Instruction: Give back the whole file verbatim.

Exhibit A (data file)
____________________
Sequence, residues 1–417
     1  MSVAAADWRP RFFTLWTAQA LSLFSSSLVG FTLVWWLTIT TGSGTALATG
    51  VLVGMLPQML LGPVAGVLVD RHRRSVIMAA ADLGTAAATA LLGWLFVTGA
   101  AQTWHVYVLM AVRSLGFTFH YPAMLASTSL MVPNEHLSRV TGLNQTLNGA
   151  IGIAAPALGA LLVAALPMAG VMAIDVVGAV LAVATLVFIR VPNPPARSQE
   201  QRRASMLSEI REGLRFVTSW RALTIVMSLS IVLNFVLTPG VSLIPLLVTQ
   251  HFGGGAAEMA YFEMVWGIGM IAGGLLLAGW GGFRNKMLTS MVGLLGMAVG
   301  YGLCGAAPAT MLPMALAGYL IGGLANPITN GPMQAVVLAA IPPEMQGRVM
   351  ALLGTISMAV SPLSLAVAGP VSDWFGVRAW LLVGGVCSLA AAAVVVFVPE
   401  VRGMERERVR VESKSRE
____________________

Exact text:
Sequence, residues 1–417
     1  MSVAAADWRP RFFTLWTAQA LSLFSSSLVG FTLVWWLTIT TGSGTALATG
    51  VLVGMLPQML LGPVAGVLVD RHRRSVIMAA ADLGTAAATA LLGWLFVTGA
   101  AQTWHVYVLM AVRSLGFTFH YPAMLASTSL MVPNEHLSRV TGLNQTLNGA
   151  IGIAAPALGA LLVAALPMAG VMAIDVVGAV LAVATLVFIR VPNPPARSQE
   201  QRRASMLSEI REGLRFVTSW RALTIVMSLS IVLNFVLTPG VSLIPLLVTQ
   251  HFGGGAAEMA YFEMVWGIGM IAGGLLLAGW GGFRNKMLTS MVGLLGMAVG
   301  YGLCGAAPAT MLPMALAGYL IGGLANPITN GPMQAVVLAA IPPEMQGRVM
   351  ALLGTISMAV SPLSLAVAGP VSDWFGVRAW LLVGGVCSLA AAAVVVFVPE
   401  VRGMERERVR VESKSRE